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With the cancellation of the Phase 2 of the 4FRI process by the Forest Service about two months ago, the Senator invited the Chief of the U.S. Forest Service Randy Moore to address the future of the Four Forest Restoration Initiative (4FRI) and other forest restoration projects impacting Coconino County. The County Board of Supervisors have identified wildfires and post-wildfire flooding as the greatest public safety threats in the County.
During the event, Chief Moore announced a commitment of $54 million dollars in fiscal year 2022 to accelerate the needs for implementing high-priority projects on 135,000 acres over the next 10 years and to ensure the success of 4FRI. The key decisions from the 4FRI Restoration Strategy are:
Coconino County Supervisor Patrice Horstman, District 1 noted after the meeting, “This is a significant investment from the U.S. Forest Service and U.S. Department of Agriculture. Coconino County now has a unique opportunity to engage with the Forest Service to prioritize and restore critical forested acres, which will significantly reduce the threat of wildfire and post-wildfire flooding to our communities. Without forest restoration, the threat of wildfire and post-wildfire flooding will remain Coconino County’s greatest public safety threats.”
Coconino County has positioned itself to partner with our region’s National Forests to capitalize on the funding opportunities in the Infrastructure Investment and Jobs Act, also known as the Bipartisan Infrastructure Framework, recently passed by Congress. Coconino County Flood Control District has already partnered with the Kaibab National Forest and the National Forest Foundation to implement forest restoration on Bill Williams Mountain as part of the County’s Forest Restoration Initiative. The Project aims to reduce the threat of wildfire and post-wildfire flooding in the City of Williams, a key “Gateway to the Grand Canyon.”
Coconino County, through its Flood Control District, continues to work with our federal partners to prioritize forest restoration projects within critical watersheds across the County. Jay Smith, Coconino County Forest Restoration Director, said “we need to expand our shared stewardship partnership with Coconino National Forest to address steep slope acres on the western flank of the San Francisco Peaks within the upper Rio de Flag watershed. Not doing so will continue to place much of Flagstaff at risk for severe and repetitive post-wildfire flooding that would greatly exceed what has been experienced from the Museum Fire.” The Flood Control District is committed to working with all three forests within the County on prioritizing other acres that, if burned will produce significant post-wildfire flooding.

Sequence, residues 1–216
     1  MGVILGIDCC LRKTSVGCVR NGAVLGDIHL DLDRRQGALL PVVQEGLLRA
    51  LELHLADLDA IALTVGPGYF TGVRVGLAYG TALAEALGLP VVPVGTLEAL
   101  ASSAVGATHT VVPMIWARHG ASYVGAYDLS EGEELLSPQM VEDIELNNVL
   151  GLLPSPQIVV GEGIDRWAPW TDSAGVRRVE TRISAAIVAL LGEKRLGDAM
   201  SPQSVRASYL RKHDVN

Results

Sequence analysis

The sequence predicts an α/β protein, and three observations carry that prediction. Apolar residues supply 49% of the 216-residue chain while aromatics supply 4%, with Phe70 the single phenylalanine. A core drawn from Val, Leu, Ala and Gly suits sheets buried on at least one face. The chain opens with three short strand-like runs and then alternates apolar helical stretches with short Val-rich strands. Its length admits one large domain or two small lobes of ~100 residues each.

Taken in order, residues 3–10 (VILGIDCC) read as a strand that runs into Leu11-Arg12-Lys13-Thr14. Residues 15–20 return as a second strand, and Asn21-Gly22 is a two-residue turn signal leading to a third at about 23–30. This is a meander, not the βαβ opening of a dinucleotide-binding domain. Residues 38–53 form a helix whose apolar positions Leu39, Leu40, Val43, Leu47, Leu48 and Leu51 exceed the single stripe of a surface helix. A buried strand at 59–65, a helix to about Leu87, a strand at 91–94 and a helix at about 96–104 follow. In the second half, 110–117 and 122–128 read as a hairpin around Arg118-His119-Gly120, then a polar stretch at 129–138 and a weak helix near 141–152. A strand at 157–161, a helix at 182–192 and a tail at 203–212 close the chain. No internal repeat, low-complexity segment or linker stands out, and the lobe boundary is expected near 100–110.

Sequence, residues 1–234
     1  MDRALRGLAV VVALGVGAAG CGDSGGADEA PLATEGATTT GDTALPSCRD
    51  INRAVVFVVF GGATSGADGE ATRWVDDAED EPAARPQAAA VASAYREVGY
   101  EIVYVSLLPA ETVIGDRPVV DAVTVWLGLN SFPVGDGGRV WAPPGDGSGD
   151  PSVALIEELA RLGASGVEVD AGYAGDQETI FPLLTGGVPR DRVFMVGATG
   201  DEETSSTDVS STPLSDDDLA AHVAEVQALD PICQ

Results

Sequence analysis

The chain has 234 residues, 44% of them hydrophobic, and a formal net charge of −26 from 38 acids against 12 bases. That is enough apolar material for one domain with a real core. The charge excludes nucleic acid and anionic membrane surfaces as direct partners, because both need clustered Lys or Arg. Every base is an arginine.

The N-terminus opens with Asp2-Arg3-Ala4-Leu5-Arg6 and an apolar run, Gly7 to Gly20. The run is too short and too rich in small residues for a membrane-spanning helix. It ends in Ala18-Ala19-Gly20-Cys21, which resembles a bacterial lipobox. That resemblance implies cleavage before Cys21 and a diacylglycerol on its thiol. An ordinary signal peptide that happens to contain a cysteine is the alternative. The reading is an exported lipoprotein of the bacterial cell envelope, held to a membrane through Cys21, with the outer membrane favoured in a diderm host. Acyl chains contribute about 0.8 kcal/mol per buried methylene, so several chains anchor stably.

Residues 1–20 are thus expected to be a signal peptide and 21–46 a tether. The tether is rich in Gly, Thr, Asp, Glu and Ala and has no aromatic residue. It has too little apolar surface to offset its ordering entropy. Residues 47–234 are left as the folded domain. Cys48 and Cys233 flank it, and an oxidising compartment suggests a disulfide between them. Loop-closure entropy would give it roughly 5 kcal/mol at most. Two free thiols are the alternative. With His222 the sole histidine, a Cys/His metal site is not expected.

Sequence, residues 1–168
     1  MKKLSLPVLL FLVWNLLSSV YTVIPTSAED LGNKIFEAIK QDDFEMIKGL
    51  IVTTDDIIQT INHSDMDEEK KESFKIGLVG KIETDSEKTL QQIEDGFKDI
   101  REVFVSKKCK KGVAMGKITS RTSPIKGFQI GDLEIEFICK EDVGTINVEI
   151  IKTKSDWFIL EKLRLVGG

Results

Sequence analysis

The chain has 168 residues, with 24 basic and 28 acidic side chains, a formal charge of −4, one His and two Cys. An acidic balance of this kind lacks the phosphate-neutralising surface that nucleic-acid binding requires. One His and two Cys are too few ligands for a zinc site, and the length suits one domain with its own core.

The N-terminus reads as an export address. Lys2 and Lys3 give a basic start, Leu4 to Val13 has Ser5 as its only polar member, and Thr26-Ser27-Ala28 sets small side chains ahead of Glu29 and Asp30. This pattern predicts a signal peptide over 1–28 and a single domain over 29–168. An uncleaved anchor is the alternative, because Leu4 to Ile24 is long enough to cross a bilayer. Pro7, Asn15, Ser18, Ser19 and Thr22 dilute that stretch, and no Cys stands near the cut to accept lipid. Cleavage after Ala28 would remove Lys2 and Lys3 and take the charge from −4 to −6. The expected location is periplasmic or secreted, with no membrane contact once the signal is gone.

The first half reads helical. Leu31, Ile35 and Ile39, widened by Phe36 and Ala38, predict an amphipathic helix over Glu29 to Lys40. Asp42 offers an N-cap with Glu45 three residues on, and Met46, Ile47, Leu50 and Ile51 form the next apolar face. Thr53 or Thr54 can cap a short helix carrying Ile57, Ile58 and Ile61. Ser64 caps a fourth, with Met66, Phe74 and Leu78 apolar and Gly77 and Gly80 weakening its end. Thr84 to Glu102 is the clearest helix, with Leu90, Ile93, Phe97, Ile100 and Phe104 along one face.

Coconino County Board of Supervisors Chair Matt Ryan, District 3, emphasized, “We are thankful for the efforts of Senator Sinema, Senator Kelly, and Congressman O’Halleran for their work in convening this meeting. We continue to look for opportunities to leverage local Flood Control District tax dollars with federal dollars to advance forest restoration around our high-risk communities. A continued, systematic investment in forest restoration is essential to mitigate against future threats that, unfortunately with the Museum Fire and flooding, are all too familiar. Proactive restoration efforts reduce the threat to life and safety, and ensure our communities are resilient within our fire adapted ecosystem.”